Someone coined the term "Grassi Assessment", and I don't know if I would like to take 100% credit for it, however I think I'm going to have to run with it. Level 2 Assessment is geared toward seeing the inter-limb difference in power output. It will be obvious that the reconstructed limb will have lower outputs and strength than its contralateral partner, however the percent deficit between limbs is what we are looking at. A deficit greater than 10% is a MAJOR concern for athlete safety and re-injury. Level 2 Assessment is not a pass/fail like Level 1, it is more of a baseline measurement during the Return to Sport process.
Whatever you do, DO NOT rush the test. Allow the athlete to fully recover before performing a consecutive test. We are not training here, nor are we checking the athletes cardiovascular conditioning -- obviously it won't be close to good.
Starting off the Level 2 Assessment, make sure you put your athlete through a thorough warm-up as there will be jumping, running, and cutting involved. Perform each test twice, with ample rest time. For single leg tests, it will be 2 on each leg.
The test order goes as follows:
Bilateral Vertical Jump
Single Leg Vertical Jump
Bilateral Broad Jump
Single Leg Broad Jump
Single Leg Timed 5-yard Hurdle Hop (6 inch, or small cone) - record time it takes to clear every cone/hurdle. Looking to see repeat ability.
Single Leg Consecutive Triple Hop - Three consecutive jumps without a reset; record final distance after third jump. Start on one leg and finish drill on one leg.
Single Leg Crossover Hop - Have the athlete start on the right side of a line with the right foot on the ground. On "go", they will hop over the line and will also look to gain distance at an angle. Record the distance after the third jump.
Box Drop Jump - During this test, I test for reactive strength. I utilize an app called My Jump, which has been shown to be pretty accurate compared to force plates (in the event you cannot purchase or use a force plate). I use a 12" box for the test. I do double and single leg measures here, however if the athlete didn't look so good during the initial jumping tests, then I would just void the single leg drop jump test.
After the athlete has completed all the jumping tests, you will assess how the athlete looked during each test: Trunk control, symmetric/sufficient knee flexion, valgus, landing(loud./soft), balance, etc. The more efficient notes, the better. Also take note of your athletes facial expressions during some drills, face tells you everything.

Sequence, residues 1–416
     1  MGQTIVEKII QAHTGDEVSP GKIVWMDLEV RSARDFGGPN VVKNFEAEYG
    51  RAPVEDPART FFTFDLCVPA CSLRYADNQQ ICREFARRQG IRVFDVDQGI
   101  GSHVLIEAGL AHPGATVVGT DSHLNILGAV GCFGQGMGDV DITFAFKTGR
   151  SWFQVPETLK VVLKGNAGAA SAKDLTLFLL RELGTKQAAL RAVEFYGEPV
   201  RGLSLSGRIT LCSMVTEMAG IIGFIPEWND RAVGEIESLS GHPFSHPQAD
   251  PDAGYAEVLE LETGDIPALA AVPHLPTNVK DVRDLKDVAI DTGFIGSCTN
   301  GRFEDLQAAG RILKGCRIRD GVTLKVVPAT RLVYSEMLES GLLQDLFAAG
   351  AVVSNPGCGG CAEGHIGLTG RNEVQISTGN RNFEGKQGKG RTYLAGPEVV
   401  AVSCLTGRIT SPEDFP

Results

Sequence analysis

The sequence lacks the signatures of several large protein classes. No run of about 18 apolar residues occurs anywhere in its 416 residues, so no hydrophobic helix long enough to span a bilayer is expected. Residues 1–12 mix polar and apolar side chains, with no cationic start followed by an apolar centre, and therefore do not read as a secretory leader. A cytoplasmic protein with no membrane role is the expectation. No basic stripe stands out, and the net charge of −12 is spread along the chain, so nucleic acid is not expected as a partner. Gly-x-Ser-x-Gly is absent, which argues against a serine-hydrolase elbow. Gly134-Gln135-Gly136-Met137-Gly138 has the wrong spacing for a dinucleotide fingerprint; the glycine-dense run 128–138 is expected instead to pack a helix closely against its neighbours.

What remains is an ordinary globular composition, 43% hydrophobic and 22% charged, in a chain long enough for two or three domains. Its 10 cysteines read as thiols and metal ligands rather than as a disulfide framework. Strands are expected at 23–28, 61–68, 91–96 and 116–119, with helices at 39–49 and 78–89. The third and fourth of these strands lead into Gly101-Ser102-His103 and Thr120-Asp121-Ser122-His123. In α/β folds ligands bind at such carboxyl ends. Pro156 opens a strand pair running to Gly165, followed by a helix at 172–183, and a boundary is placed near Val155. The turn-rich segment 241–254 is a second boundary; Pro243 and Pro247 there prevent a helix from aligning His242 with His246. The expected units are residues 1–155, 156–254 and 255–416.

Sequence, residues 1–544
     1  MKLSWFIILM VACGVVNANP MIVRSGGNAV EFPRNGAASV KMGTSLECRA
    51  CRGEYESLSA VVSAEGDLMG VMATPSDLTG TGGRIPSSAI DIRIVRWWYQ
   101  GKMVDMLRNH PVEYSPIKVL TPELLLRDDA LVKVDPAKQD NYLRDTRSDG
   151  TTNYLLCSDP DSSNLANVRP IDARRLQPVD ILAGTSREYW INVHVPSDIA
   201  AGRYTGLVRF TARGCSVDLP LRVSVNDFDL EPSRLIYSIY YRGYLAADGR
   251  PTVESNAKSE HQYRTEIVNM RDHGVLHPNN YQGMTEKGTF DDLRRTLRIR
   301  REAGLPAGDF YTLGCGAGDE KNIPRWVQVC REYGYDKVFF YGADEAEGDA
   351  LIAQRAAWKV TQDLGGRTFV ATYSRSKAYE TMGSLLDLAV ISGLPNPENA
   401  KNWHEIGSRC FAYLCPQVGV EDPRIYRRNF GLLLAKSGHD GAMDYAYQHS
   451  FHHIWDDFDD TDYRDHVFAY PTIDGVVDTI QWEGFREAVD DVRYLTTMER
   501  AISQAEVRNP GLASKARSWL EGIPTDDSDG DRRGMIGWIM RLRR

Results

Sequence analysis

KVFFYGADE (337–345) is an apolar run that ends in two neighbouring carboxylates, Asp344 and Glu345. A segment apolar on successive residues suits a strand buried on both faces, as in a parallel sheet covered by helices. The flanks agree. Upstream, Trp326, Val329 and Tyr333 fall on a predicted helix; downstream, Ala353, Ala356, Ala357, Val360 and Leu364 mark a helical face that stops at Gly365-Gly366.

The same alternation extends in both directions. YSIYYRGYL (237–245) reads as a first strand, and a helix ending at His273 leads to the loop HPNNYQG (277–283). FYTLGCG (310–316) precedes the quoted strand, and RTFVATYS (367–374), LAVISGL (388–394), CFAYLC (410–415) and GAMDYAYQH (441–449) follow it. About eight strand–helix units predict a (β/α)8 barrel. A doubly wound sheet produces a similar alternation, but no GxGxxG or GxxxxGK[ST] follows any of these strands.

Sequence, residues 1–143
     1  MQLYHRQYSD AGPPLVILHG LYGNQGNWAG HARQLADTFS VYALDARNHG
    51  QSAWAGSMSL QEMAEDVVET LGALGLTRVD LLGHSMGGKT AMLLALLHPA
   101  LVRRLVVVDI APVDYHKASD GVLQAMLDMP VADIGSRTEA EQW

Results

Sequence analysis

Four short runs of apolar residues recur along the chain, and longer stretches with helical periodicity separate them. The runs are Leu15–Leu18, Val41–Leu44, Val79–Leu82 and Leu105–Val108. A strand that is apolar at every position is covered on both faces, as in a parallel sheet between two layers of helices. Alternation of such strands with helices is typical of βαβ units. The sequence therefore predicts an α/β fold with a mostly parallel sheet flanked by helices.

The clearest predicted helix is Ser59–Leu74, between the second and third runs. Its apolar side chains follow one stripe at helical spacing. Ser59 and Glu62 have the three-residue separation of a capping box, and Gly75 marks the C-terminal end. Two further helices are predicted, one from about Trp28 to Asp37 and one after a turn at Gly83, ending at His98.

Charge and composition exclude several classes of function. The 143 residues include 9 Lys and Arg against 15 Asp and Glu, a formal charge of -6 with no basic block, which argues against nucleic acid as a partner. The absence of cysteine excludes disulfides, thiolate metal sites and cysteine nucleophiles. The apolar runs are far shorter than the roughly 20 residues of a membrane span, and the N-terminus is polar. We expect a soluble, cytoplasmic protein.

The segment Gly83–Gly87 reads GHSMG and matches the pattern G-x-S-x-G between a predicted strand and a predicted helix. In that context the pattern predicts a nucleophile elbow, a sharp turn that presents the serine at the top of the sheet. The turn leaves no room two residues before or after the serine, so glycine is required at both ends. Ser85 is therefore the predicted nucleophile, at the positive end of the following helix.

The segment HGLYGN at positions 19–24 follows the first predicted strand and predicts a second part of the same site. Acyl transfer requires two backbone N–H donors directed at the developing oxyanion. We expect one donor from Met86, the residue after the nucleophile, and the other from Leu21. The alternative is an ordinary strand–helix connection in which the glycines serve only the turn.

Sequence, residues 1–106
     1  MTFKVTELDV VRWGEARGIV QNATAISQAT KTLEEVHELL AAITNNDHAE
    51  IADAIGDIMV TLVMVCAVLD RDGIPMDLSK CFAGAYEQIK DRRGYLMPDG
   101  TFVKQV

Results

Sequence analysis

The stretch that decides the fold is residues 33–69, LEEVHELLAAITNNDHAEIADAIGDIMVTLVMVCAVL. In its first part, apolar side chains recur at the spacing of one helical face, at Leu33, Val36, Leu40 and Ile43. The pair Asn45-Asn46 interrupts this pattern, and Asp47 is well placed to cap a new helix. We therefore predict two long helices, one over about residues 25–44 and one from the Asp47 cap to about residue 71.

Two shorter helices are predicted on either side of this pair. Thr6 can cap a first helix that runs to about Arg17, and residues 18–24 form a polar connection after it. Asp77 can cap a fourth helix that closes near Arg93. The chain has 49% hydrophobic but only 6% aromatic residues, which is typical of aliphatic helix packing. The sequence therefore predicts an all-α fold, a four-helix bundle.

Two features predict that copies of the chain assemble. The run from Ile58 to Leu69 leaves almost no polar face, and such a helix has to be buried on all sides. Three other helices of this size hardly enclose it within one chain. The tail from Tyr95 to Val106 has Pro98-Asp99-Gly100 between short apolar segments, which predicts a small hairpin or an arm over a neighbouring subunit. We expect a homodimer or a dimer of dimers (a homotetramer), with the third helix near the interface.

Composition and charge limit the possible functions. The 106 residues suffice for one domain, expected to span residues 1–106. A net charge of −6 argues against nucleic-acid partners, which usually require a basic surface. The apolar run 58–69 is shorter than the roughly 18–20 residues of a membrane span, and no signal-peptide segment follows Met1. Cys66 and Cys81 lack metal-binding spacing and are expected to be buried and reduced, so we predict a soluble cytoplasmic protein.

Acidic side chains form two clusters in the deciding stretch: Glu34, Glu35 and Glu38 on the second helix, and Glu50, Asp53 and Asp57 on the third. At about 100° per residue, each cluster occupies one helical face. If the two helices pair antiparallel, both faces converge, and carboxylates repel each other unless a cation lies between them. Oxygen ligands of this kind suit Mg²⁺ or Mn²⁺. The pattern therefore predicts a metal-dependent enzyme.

The Run Test is very basic. Nothing extraordinary here, I set up two cones, 10 yards apart and simply have the athlete move in the following sequence: Sprint -> Backpedal -> Turn and Shuffle down and back -> Caricoa down and back -> "Sprint" through cone. Time how long it takes the athlete to complete this drill. Some won't possess the confidence in themselves to move at the pace they once did and will be extremely humbled by the experience. DO NOT ... I REPEAT ... DO NOT ENCOURAGE THE ATHLETE TO MOVE AS FAST AS THEY CAN, this will only lead to an injury and possible re-tear. Instruct the athlete to move to the best of their current ability and that this is more of an assessment of how they move, not how fast they can finish the drill.
Observe the quality of their movement: turning, planting/cutting, acceleration, deceleration, change of direction, center of mass, thigh drive, etc. ANY IRREGULAR MOVEMENT PATTERN IS A NOTE TO TAKE. Also, observe for any compensatory patterns you might see and engage with the athlete after the run and ask them "how did that feel?", "any pain?", etc.
With the information presented from the Level 2 Assessment, it will be obvious that the athlete will need A LOT of work to do to get as close to their former 100% as possible. If you see a deficit difference of greater than 10% between limbs in the jumping tests, then the athlete is not prepared to run just yet. If the difference is less than 10%, it would seem as if the athlete can start running, however I would not encourage any high velocity runs or explosive jumps just yet. Remember, we are dealing with a patient who just had their knee reconstructed, and another part of their body (patellar tendon or hamstring unit) snipped.
While you and your athlete might be very optimistic from good testing results, or opposite from poor results, from my personal experience this is the best time to hit a hard reset button on the athletes training and start from the extreme basics -- which is where the next blog will take you.
I AM NOT A LICENSED DOCTOR, NOR PHYSICAL THERAPIST. THE INFORMATION PRESENTED IS BASED ON MY PERSONAL EXPERIENCES WORKING WITH SURGEONS AND THEIR ACL RECONSTRUCTED PATIENTS AND DATA I HAVE COLLECTED. IF THERE IS ANY PAIN DURING ANY PART OF THE ASSESSMENT, PLEASE CONSULT YOUR SURGEON IMMEDIATELY AND REPORT SYMPTOMS. DO NOT PUSH THROUGH PAIN AS THIS CAN LEAD TO FURTHER INJURY.